Defense Department financial executives—under pressure to meet the mandated goal of auditability by next year while keeping up with current military operations—are feeling under-resourced and worried about a coming retirement wave, a survey found.
Concerns about budget cuts also raise anxiety about the Pentagon’s ability to maintain and modernize its information technology systems, according to 200 respondents to the 13th annual survey conducted by the American Society of Military Comptrollers and Grant Thornton Public Sector.
Though austerity has been a theme in several past surveys, 82 percent of respondents for 2015 said their workload was either a lot more (47 percent), or somewhat more (35 percent) than in the previous year, while only 6.5 percent felt it was less (5 percent a little less and 1 percent a lot less).
“As expected, the results of this year’s survey show that while staffing to execute the resource management workload decreases (due to retirements and some administrative position reductions), actions toward achieving financial statement auditability have increased the workload,” said Al Runnels, the comptrollers group’s executive director. “The pace and complexity of operations remain high; however, Defense financial managers remain committed to meeting the requirements and providing critical support to decision-makers.”
“While there are challenges and strains due to the current environment, there are also opportunities for innovation and improvement,” said Ariane Whittemore, director of security and defense for Grant Thornton. “The survey shows that many financial managers are optimistic about the future, and about developments in the Defense financial management profession.”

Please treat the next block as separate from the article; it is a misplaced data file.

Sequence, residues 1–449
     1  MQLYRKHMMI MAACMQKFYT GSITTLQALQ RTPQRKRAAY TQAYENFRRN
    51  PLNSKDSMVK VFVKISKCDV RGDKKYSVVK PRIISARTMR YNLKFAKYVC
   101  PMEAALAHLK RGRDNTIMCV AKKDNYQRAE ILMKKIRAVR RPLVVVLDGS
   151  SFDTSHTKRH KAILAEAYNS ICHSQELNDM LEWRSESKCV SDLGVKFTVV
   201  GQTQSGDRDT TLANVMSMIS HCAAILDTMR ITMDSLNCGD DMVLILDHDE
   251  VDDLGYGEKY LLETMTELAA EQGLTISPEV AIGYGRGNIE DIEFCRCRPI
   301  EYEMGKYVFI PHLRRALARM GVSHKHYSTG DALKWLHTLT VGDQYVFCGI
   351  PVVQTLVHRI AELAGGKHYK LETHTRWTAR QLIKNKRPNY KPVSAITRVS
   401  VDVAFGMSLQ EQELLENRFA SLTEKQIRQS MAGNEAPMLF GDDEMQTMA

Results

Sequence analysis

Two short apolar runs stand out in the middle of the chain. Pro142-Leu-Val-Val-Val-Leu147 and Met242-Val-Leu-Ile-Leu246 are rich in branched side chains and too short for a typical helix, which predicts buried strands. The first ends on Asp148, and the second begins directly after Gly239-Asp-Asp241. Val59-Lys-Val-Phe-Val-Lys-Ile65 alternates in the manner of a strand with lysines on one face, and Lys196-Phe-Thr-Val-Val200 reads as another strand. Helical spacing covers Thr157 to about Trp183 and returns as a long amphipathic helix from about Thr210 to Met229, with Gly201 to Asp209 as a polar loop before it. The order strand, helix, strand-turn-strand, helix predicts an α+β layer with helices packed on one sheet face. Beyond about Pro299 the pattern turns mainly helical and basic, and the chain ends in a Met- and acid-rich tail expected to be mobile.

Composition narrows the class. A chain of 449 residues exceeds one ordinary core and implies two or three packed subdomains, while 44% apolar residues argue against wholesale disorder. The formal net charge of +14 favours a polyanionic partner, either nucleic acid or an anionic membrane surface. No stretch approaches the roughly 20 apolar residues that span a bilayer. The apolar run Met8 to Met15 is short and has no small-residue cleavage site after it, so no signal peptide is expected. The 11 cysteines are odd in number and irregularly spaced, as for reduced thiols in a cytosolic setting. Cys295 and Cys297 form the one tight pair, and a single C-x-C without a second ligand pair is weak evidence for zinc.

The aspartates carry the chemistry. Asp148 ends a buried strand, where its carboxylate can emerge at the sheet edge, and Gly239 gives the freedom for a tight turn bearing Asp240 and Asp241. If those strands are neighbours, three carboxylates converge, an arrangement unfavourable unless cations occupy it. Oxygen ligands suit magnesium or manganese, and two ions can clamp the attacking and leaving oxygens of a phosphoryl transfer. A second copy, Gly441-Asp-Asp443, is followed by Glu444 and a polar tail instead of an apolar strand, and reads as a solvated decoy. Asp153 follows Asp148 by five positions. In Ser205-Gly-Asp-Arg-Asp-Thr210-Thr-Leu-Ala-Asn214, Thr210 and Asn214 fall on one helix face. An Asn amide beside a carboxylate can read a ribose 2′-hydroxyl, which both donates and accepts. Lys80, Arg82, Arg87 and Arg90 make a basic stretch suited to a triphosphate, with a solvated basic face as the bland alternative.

The top three concerns of the financial leaders are budget cuts, workforce transitions and the accelerating quest for clean books. “Many respondents felt reductions in personnel and funding, coupled with other overwhelming increases in time required to build sustainable budgets in the current atmosphere of uncertainty, will overshadow the push to obtain auditability,” the survey analysts said. “Consequently, they are extremely concerned leadership’s focus on auditability will wane and will be overcome by operational necessities.”
In comparison with past surveys, the new survey exposed “a definite shift in attitudes toward the preparation and conduct of the audit of the Services’ Schedule of Budgetary Activity,” the report said. “Many in the workforce now see focus on auditability as a part of the regular drumbeat of their financial management workload. A shift of concern by financial management professionals from attaining auditability to sustaining it was clear from the responses.”